Boot camp graduates helped build a solid home for their safety-net programs

July 26, 1992|By Edward Gunts | Edward Gunts,Staff Writer

When Antione Brooks was arrested for selling drugs in 1988, he became just another statistic in a society where too many young men run afoul of the law.

But when the 21-year-old West Baltimore native went through the state's Herman L. Toulson Correctional Boot Camp for young offenders last year, the experience turned him around.

"It's the best thing that ever happened to me," he declared yesterday. "It saved my life."

The young man now works as a weight trainer at the Harlem Park Recreation Center and says he's neither selling nor using drugs. How did the boot camp make a difference? "Love, strict love," he said. "They were strict, but they showed love."

Mr. Brooks was one of several dozen boot camp graduates who came to 4500 Park Heights Ave. yesterday to see Gov. William Donald Schaefer and other leaders dedicate a new facility designed to help keep the state's nearly 500 boot camp graduates from returning to prison.

Called the St. Ambrose Aftercare Center, it's the permanent home for a year-old volunteer program created to provide the counseling, mentoring and employment assistance that boot camp graduates need upon their return to society.

The after-care program was initiated in July 1991 at the suggestion of state Del. Elijah Cummings, D-39, head of the Governor's Commission on Black Males, working with Bishop Robinson, secretary of the state's Department of Public Safety and Correctional Services.

Mr. Cummings recalled yesterday speaking with several of the boot campers who said they didn't want to go back on the streets for fear they would end up selling drugs again or committing other crimes. He resolved then to work with state officials to provide follow-up services that would help graduates find jobs and start new lives.

"This is a prevention program," he said. "This is a program that instills pride. This is a program that builds hope. This is thinking for the future."

But "we don't want to just build buildings," Mr. Cummings said. "We want to build men and fathers and responsible citizens. That's what we're about. We want to build self-esteem. If we can build buildings, we can build responsible men."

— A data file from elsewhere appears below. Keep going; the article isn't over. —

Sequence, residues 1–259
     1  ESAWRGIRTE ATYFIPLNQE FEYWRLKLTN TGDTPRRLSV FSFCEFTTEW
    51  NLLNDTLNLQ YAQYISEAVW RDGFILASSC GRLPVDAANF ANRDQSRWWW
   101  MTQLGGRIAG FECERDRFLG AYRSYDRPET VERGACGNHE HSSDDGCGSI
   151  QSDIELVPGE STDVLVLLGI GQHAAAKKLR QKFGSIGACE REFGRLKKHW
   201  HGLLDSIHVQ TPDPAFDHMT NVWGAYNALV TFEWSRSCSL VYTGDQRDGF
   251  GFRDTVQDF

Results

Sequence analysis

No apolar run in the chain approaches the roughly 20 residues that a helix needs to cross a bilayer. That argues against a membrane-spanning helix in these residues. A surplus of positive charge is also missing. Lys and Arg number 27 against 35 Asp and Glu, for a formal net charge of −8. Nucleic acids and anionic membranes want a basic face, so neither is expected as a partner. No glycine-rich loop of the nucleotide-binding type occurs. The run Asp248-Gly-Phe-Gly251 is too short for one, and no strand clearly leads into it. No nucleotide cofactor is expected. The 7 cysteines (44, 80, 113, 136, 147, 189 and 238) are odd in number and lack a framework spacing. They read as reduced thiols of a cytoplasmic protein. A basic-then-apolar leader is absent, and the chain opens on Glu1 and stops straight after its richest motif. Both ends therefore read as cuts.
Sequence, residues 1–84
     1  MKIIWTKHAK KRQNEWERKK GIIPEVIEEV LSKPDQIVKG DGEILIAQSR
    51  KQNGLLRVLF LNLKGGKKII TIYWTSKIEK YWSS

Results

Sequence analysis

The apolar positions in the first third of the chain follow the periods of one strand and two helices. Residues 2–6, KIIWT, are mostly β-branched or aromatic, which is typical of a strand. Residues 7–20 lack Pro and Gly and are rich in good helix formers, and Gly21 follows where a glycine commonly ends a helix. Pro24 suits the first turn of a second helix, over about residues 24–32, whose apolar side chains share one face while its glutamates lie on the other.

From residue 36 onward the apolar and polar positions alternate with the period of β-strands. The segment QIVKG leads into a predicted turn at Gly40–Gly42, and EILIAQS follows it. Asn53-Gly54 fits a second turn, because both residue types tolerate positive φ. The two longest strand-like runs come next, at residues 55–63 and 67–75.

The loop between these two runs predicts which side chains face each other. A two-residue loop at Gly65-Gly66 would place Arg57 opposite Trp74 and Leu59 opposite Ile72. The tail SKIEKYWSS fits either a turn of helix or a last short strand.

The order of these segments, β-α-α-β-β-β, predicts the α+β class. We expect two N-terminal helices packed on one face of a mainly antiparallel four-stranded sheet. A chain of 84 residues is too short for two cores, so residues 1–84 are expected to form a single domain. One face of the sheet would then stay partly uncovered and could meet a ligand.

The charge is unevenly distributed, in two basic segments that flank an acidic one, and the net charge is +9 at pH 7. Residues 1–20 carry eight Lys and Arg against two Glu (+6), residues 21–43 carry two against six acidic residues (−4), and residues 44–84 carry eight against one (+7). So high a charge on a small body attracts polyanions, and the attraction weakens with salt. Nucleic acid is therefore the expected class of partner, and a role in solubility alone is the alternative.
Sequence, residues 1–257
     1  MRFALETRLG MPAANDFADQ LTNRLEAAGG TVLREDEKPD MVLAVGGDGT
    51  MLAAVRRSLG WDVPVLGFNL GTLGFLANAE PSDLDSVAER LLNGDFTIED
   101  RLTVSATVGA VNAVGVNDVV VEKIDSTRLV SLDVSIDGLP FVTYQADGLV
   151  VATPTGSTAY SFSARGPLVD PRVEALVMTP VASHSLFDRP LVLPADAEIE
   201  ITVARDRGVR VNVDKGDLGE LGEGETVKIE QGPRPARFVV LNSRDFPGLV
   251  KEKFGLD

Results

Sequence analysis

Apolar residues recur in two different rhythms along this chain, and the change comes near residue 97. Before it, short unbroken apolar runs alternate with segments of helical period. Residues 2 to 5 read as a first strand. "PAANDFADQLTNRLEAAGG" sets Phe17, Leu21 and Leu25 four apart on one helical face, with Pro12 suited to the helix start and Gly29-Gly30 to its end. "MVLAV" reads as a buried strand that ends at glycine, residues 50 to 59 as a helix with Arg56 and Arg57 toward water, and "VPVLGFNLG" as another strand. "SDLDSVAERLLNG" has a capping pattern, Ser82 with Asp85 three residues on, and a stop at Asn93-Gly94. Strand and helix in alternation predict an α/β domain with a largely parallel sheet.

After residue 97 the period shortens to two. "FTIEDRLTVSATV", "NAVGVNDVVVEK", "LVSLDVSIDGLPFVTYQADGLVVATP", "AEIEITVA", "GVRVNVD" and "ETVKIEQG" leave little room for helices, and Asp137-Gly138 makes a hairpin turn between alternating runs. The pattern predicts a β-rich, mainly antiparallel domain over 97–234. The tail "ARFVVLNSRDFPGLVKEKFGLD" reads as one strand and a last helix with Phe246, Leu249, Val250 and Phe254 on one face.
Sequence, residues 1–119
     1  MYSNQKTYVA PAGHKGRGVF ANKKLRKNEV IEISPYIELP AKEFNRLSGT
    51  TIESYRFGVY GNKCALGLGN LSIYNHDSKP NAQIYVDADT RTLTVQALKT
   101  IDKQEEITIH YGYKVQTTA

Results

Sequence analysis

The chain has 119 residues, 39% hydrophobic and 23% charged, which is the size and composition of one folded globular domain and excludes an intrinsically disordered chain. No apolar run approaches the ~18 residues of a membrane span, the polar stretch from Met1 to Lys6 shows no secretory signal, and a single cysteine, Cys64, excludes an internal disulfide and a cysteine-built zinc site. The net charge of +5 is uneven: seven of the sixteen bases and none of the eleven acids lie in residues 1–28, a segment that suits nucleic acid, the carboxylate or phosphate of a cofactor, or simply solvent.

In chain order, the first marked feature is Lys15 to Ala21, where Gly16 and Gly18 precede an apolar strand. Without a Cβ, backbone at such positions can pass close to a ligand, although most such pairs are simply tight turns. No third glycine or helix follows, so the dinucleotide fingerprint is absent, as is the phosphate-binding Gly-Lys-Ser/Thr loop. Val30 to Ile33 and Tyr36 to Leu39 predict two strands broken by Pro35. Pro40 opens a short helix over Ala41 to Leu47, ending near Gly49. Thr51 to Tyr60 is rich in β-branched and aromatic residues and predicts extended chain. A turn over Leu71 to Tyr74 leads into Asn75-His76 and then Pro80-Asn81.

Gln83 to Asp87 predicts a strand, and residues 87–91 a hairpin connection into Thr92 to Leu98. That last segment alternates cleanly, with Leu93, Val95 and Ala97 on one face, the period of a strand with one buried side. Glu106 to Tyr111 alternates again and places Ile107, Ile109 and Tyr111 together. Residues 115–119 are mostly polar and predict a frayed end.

The boot camp is a six-month-long disciplinary program available to state inmates who are younger than 26 and serving their first sentences as adults. The sentence must be for five years or less and not for a crime of violence. State officials say the camp offers a "positive environment for human development in a caring community where individuals can help themselves and each other."

Since the boot camp opened in August 1990, 594 inmates have graduated and been placed on intensive supervision by the state's Division of Parole and Probation. According to state records, 102 boot camp graduates have been sent back to prison but only 29, or 4.9 percent, returned because they committed new offenses. The rest were returned because of technical violations of their paroles.

Mr. Cummings and others say the low return rate is the result of the boot camp program, the intensive supervision and the after-care program. The state delegate also noted yesterday that 95 percent of the graduates have found jobs, and he praised the employers who have worked with the state to provide them.

"We want to enhance their skills, so they can make a decent salary," Mr. Cummings said. "It will never compare to the drug trade salary, but at least it will give them self-esteem, and that self-esteem will build."

The boot camp's own graduates can be instrumental in steering others away from a life of crime, the governor said yesterday.

"If we have no other message today, it's that you've brought yourself out of hell," he told the graduates. "You've restored your pride. You know that you can do things for yourself. If you can prevent just 10 kids from going into the juvenile system, then everything that we've done will be worth it.

"You can be such a help, such an inspiration," the governor continued. "We have to convince the general public, and we can, that those who have been through hell and have come back can be first-class, top-notch citizens -- responsible fathers, responsible brothers, responsible family people, responsible taxpayers. I know it's not going to be easy. But I honestly believe that you can do it. You will do it. And we're going to try to help."

The state's Department of Economic and Employment Development also works closely with the after-care program to help boot camp graduates find jobs, and federal tax credits are available to employers who hire them, according to Paulette Hall, executive director of DEED's Office of Employment Services.

To accommodate the growth of the after-care program, which had been using donated church facilities downtown, state and community leaders decided to create a permanent facility where former boot campers could have support groups and meet regularly with job counselors and mentors.

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